Mobility is my favourite topic! Most people who come to seek treatment have tension and reduced range of motion. There are many ways to improve this clinically, and so many ways you can improve your ability to move at home.
We need a series of videos to cover all the information. This first part will discuss stretching. In the next series, I will discuss using dowels, foam rollers, trigger point balls and bands to help with your mobility.
In the third instalment, I will cover dynamic warm-ups in full length, and the last instalment will give you some easy to moderate yoga series that you can do at home or in the gym.
For this conversation, let’s talk about static stretching. This can be controversial at best. Early research indicated that static stretching will not help you become more flexible.
Although there have been some new insights into this, I don’t think that stretching alone will have you going from being completely inflexible to being a gymnast.
However, I have seen many ways that stretching can help improve mobility. There is certainly a time and a place for static stretching, and it complements your exercise and recovery programs.
Static stretching should be done after exercise and when you are still sweating. You are asking your muscles to become relaxed, elongated, and encourage fluid movement and drainage of waste products.
If you did this before exercise, the working muscles are not as responsive, causing stress or injury. When you are stretching, you need to be warm allowing the muscles to be pliable and easy to work with.
My rules of stretching are simple. Make sure you are always in good posture. Rounding your back or being in an awkward position doesn’t do you any favours in the long run. Hold your stretches for at least one to two minutes. Seems like a long time, doesn’t it?
Create space for yourself to get an improvement, stretching takes time. Stretching should feel easy and not stressful, allow yourself to get a little deeper maybe within a stretching session, or over time. Don’t force the process.
There are many benefits of stretching. You can really get to know your body by understanding what is tight and what is feeling good. Sometimes we don’t know how we are feeling until we really explore.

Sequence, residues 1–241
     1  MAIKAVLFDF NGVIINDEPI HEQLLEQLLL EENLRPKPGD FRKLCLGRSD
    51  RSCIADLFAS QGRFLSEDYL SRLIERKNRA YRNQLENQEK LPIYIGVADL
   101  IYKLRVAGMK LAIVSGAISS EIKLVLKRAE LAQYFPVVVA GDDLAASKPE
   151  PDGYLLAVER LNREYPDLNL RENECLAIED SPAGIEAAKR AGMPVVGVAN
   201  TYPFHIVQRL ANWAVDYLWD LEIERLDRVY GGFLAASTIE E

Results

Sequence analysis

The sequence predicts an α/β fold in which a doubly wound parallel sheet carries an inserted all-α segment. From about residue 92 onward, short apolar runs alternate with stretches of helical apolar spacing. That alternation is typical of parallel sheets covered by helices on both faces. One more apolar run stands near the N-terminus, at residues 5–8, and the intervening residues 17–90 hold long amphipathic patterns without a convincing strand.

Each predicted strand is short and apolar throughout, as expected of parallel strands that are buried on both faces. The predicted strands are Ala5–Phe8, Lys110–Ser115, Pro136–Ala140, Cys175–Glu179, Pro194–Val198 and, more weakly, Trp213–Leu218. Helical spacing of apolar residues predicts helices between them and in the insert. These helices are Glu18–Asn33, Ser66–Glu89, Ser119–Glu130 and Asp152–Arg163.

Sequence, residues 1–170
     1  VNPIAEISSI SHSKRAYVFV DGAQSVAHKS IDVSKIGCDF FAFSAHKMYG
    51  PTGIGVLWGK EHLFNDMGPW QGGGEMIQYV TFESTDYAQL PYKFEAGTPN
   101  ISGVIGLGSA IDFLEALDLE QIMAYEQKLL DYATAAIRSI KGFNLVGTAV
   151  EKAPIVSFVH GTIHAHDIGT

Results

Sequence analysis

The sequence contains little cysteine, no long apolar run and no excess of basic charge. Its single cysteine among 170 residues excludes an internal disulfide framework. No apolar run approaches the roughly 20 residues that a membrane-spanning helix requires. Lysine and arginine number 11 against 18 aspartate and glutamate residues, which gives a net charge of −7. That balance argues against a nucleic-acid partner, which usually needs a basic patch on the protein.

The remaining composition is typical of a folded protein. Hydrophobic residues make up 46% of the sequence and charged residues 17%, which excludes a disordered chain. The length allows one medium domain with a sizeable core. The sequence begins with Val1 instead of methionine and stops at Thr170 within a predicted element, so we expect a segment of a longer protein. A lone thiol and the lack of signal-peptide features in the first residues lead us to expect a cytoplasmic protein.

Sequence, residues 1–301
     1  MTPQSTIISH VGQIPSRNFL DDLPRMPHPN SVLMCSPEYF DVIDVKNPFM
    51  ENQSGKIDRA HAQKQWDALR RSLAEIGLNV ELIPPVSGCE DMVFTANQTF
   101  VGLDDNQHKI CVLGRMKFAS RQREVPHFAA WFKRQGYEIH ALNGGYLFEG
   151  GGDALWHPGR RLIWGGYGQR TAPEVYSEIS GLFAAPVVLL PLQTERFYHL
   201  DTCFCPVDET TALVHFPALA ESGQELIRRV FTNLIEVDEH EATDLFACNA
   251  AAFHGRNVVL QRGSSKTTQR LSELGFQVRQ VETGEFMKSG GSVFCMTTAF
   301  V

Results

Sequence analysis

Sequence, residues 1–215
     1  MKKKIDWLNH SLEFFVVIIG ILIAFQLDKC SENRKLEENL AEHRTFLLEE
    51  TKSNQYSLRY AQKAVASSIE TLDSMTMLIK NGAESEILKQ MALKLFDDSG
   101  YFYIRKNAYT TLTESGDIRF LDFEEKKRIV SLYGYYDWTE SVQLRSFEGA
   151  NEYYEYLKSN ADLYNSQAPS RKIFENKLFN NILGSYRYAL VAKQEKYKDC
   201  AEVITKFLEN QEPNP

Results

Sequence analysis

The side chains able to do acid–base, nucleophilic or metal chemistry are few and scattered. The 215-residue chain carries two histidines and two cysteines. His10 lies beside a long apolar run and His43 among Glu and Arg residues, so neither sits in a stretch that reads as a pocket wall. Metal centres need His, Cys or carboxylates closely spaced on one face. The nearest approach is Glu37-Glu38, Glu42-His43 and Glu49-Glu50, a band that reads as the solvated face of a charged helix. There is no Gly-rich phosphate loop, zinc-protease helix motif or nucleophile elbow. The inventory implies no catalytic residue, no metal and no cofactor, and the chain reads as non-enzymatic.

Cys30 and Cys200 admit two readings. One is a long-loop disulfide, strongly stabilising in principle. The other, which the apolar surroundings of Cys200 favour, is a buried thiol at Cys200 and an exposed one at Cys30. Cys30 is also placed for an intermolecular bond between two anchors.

Also, and this is most important for the athletes in the crowd: You cannot generate power without flexibility. If you are very tight especially through the hips or shoulders, you will struggle in power production. By increasing your flexibility, you will be able to lift more in the gym, be a better athlete, be able to pick things up off the floor, and get out of the car easier.
In the video, I give some examples of basic stretching. You can be creative or seek out other stretches. This provides the framework. You can tweak a stretch a little here and a little there to get the right angle, make it work for you.
I have demonstrated some uses of straps, as well. You can buy a stretching strap or use a shower towel, belt, or anything else that will help. I don’t like to use exercise bands because they don’t hold your position well enough.
If you don’t feel much from the stretch, that’s OK. Maybe you are not that tight in that position. When we are feeling restricted, stretching is like the rehabilitation process. When we are feeling more limber, stretching is your prevention.
Flexibility can be the first aspect of fitness to deteriorate, and the hardest to bring back. So get stretching! Don’t take flexibility for granted.
Jen Mark is a Registered Kinesiologist, Certified Athletic Therapist, and Registered Yoga Teacher at Matrix of Motion Fitness Studios and Sports Medicine Centre of Excellence in Newmarket. Jen is currently the athletic therapist with the Markham Majors Bantams. Jen is also the head therapist and holistic director for the Junior Development Squad with the Men’s program under Field Hockey Canada. Jen uses her athletic therapy for exercise and manual treatments including soft tissue massage, joint mobilizations, and muscle energy.